Summer has come to the vineyard - the vines are doing very well. Versaison has begun, with the berries starting to turn blue and purple.Its going to be a great crop this year - the plants are healthy and the fruit set we got is great - will be a very good harvest - for all of the valley!!

As I have in years gone by, I took a day and traveled up to Nyons (known for its great olive oil !!!) - about 1 hour away - to see the Tour de France as its passed by. With no real hero to root for, it was a good chance to watch the entire peleton pass, and see just how FAST they really one minute, and gone the next!! By the time they reached this stage, Thomas Voekler, a Frenchman, was still in the maillot jeune (Yellow Jersey) and the local fans were very welcoming and supportive.

I also took a long day-trip around the country-side to catch the sites - those places that I travel past but never really stop and 'see'.
The Luberon valley, with all its lavender in bloom and its sunflowers was a great study in colors.

And the hill-towns of the Cotes du Rhone, like Sablet, were out in fine form on this sunny day.

The new wines continue to develop. The 2010 Cotes du Rhone will be ready for the bottle shortly. Its going to be a nice well-bodied grenache, with plenty of dark red fruit. The new 'Ombre du Chateau' is still in barrels, and has a bit to go yet - but its develping into a very nice wine, with lots of fruit and spice. I think the 2010's will be by far my best so far.

Meanwhile sales continue to not quite meet expectations. The 2010 vin de pays rose is selling well, but at the lower price the return is not what I would like. The 2009 reds are selling, but slowly, not unlike the 2008. And still no US importer in sight.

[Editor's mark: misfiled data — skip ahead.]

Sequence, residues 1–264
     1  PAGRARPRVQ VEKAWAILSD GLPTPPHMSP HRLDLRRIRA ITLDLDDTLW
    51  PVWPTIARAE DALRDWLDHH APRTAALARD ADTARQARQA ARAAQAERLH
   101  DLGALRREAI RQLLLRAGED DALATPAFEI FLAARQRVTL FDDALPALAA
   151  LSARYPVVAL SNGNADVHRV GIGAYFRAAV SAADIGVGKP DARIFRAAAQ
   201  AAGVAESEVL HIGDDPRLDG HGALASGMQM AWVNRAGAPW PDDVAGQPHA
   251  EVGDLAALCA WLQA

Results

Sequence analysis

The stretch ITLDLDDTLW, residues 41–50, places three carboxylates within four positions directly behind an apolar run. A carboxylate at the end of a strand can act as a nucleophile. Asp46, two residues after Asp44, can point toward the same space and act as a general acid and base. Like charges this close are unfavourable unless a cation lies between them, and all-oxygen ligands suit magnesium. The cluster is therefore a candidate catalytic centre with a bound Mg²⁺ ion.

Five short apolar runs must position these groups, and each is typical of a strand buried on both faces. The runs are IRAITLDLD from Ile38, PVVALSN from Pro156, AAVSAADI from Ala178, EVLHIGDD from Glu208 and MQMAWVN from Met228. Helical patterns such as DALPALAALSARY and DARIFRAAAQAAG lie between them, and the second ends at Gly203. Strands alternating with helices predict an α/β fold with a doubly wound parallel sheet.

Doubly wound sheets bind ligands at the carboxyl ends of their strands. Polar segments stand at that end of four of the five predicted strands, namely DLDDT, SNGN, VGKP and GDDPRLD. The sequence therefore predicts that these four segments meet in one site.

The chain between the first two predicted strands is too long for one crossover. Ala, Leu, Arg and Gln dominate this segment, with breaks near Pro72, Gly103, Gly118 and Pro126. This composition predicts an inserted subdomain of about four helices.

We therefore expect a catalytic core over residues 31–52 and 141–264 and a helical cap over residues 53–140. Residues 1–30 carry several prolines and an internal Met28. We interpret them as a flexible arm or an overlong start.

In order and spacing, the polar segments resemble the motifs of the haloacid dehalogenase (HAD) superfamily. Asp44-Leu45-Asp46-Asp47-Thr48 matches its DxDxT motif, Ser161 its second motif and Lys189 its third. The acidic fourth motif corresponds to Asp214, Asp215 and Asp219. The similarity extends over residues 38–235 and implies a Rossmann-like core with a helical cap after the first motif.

Must run - I have watering to do for the new plants in the vineyard. All for now.

Wednesday, May 18, 2011


What a difference a week makes!! Last week went really well. We got the Spring pruning (ebourgenage) done - that's where we go through and do both pruning of wild shoots and thinning out of the shoots without flowers - to concentrate the energy into those shoots where the grapes will grow...its ALL about the grapes !! you can see how nice and neat they are. This will last another few weeks,and then they will take off again. By the time harvest comes, it will look like we've never been 0out there!

Anyway, we finished that on Monday - most of the work is manual, with only a 'topper' on the tractor for cutting off the really wild-growing shoots Its like a multi-sided, multi-bladed weed whacker - it cuts off the long shoot on the tops and sides).